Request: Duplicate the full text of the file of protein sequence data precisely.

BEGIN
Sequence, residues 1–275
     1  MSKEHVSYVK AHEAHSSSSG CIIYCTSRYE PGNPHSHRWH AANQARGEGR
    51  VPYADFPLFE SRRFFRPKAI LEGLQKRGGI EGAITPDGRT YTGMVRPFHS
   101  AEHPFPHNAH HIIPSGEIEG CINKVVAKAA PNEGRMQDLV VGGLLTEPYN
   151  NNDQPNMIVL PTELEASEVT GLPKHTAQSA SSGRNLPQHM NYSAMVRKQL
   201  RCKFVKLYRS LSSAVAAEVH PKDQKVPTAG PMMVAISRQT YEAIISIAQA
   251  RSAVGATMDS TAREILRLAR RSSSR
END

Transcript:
Sequence, residues 1–275
     1  MSKEHVSYVK AHEAHSSSSG CIIYCTSRYE PGNPHSHRWH AANQARGEGR
    51  VPYADFPLFE SRRFFRPKAI LEGLQKRGGI EGAITPDGRT YTGMVRPFHS
   101  AEHPFPHNAH HIIPSGEIEG CINKVVAKAA PNEGRMQDLV VGGLLTEPYN
   151  NNDQPNMIVL PTELEASEVT GLPKHTAQSA SSGRNLPQHM NYSAMVRKQL
   201  RCKFVKLYRS LSSAVAAEVH PKDQKVPTAG PMMVAISRQT YEAIISIAQA
   251  RSAVGATMDS TAREILRLAR RSSSR